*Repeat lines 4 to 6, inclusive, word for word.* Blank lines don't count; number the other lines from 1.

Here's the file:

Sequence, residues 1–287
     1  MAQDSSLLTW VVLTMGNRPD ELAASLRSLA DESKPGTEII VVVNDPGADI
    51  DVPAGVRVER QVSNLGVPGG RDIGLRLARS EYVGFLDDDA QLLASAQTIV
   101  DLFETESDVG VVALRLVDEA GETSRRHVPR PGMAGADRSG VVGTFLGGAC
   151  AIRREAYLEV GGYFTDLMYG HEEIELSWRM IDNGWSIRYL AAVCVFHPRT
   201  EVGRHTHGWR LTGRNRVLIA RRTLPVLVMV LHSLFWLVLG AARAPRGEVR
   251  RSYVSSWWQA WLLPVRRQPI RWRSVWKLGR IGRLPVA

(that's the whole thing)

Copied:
   101  DLFETESDVG VVALRLVDEA GETSRRHVPR PGMAGADRSG VVGTFLGGAC
   151  AIRREAYLEV GGYFTDLMYG HEEIELSWRM IDNGWSIRYL AAVCVFHPRT
   201  EVGRHTHGWR LTGRNRVLIA RRTLPVLVMV LHSLFWLVLG AARAPRGEVR